Overall, we didn’t find the crew much more polished than those on less expensive mainstream cruise lines, so Oceania’s $15-per-day day (per person) automatic gratuity seemed out of line. To justify the highest gratuity rate in the industry, we’d expect service on par with what we experience at a typical Four Seasons or Ritz-Carlton resort. It wasn’t.
Although there’s no real promenade deck on Riviera, there was a decent amount of outdoor sunning space, with loungers available beyond the pool deck. Deck 14 had a good number of loungers overlooking the pool area, along with a pair of covered relaxation areas leading to the spa; the port side area was known as the Sanctuary, and we had a lovely nap here on a couple occasions when the sun was too bright.
The outdoor section of Deck 15 extended for only about one-third of the aft section of the ship. Accessed by stairs from Deck 14, this is where the jogging track was located, but it was fairly short—we’d estimate a lap was less than 600 feet in length. The ship’s Shuffleboard and Croquet/Bocce courts were also found here. Deck 16, accessed by stairs from Deck 15, was a small forward section only, but with plenty of empty loungers for sunning. This is also where the mini-golf green was found, along with a practice golf cage and tennis court.
This wasn’t a bar, per se, but an art-filled corridor that served as another preprandial gathering spot, with potted palms interspersed between chic couches and chairs. The ship’s string quartet played here for much of the evening. The full bar menu was available (drinks were prepared at the adjacent Casino Bar), and waiters were staffed in the evening. On one of the two evenings we stopped by for a drink, between sitting down and receiving our drink we waited almost 25 minutes. The server seemed unable to multi-task.
A daily newsletter, Currents, was distributed to our cabin each evening, covering the activities schedule and hours of operation for the following day. All announcements by the cruise director were handled in English, and they were kept to a minimum, which was refreshing.
Letters and postcards with appropriate postage can be dropped off at the Reception Desk for mailing. Postage may be purchased for a “nominal fee;” mail is collected one hour prior to sailing from each port of call. We had one brief phone call home from our room, which was charged at a rate of $4.95 per minute.
The guest directory says passports will be collected by ship staff upon embarkation, “in order to facilitate the ship’s clearance in each port.” For our cruise, passports were checked but not collected during embarkation.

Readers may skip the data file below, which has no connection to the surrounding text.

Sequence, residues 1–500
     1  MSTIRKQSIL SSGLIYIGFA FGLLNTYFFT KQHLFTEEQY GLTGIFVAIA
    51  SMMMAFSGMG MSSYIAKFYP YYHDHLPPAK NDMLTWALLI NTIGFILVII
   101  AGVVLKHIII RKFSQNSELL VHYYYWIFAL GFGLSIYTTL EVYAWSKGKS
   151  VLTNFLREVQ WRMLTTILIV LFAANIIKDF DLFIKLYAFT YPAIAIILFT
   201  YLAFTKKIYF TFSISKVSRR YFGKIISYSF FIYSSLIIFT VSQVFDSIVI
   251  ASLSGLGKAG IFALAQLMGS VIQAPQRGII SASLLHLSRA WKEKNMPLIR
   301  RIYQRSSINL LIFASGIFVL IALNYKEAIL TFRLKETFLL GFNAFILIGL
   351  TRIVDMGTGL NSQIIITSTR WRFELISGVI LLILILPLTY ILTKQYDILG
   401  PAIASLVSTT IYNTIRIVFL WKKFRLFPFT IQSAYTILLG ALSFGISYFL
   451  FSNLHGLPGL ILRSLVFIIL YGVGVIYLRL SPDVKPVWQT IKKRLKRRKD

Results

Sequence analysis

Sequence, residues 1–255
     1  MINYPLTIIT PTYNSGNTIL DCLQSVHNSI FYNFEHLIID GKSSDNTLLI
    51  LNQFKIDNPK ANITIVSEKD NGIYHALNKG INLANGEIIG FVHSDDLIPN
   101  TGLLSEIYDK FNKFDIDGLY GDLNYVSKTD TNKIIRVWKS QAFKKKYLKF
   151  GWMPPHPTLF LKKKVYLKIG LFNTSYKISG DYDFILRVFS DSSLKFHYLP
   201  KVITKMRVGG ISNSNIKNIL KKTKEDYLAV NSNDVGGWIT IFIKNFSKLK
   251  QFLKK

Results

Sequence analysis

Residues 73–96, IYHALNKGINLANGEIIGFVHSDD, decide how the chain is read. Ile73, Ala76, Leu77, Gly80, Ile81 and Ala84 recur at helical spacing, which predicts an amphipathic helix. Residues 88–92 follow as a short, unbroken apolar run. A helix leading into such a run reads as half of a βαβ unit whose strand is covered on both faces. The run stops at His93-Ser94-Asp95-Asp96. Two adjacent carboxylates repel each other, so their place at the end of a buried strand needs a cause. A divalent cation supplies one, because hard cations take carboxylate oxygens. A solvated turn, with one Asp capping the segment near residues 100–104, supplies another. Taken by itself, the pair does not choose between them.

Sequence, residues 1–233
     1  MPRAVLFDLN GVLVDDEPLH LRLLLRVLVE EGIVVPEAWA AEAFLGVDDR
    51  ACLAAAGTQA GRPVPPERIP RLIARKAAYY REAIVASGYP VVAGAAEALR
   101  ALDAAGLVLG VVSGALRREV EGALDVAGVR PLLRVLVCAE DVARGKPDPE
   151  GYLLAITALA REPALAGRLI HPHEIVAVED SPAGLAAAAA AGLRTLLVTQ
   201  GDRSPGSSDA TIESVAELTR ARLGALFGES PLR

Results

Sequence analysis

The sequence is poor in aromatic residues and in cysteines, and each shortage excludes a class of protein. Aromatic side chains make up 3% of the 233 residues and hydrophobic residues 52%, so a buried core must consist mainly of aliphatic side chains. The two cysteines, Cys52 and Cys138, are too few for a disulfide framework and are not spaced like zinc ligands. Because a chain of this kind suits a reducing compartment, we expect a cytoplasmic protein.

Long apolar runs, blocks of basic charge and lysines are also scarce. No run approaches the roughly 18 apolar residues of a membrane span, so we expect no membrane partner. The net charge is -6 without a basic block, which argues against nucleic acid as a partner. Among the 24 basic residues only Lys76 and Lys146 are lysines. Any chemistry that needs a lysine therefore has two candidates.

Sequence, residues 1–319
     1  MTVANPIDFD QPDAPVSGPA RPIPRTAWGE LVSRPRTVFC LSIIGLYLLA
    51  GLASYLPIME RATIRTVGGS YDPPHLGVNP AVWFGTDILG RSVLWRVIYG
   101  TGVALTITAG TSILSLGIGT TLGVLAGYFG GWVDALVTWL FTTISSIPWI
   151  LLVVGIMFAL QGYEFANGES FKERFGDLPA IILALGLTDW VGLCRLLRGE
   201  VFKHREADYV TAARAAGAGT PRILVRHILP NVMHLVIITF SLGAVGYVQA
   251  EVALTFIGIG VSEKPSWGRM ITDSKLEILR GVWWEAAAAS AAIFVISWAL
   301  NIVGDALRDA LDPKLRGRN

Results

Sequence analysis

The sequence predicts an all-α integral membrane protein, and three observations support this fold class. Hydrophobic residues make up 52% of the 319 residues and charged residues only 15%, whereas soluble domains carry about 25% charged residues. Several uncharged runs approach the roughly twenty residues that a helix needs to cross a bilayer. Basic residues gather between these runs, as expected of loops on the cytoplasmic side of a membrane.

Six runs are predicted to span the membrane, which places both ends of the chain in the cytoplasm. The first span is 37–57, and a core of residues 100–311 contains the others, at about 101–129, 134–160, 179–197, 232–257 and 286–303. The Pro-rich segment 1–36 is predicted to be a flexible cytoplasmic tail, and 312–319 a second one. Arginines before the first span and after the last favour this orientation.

One of the unique features of Riviera (and its sibling Marina) is the Bon Appétit-sponsored Culinary Center on Deck 12, with cooking stations for lessons conducted by guest chefs. Two classes on each sea day and (usually) one on port days were offered in the studio for hands-on cooking lessons covering subjects and recipes for topics such as pasta, fish, desserts and regional cuisines. There were 12 cooking stations shared by two students, and the charge for the two-hour classes was $69. We signed up for one based on food from the ship’s restaurant Red Ginger, preparing three of the venue’s most popular dishes (and receiving recipes for several others). The class was enjoyable and fast-paced, and we look forward to crafting the lobster pad Thai at home someday. We were impressed by the careful attention to health and sanitation requirements.
More hands-on creativity was invited at the Artist Loft, located opposite the Culinary Center. The ship brings aboard artists-in-residence to provide tutoring in their particular areas of expertise, in a class setting equipped with the tools and supplies for guests to create their own artworks. The artist on our particular cruise was undeniably talented and pleasant to interact with, but his classes leaned toward collage, with varying results. There was no charge for the classes, and they were packed on the days we peeked in.
On Deck 15 there was an artificial green set up for Croquet and Bocci, along with a Shuffleboard court. Several competitions were organized (especially on sea days). On Deck 16 we found a tennis court, nine-hole mini-golf, and a practice golf cage. Next to the pool was an area for table tennis. Other activities included Team Trivia (held in the Riviera Lounge or Martinis once or twice daily), Duplicate Bridge, art auctions, and Bingo.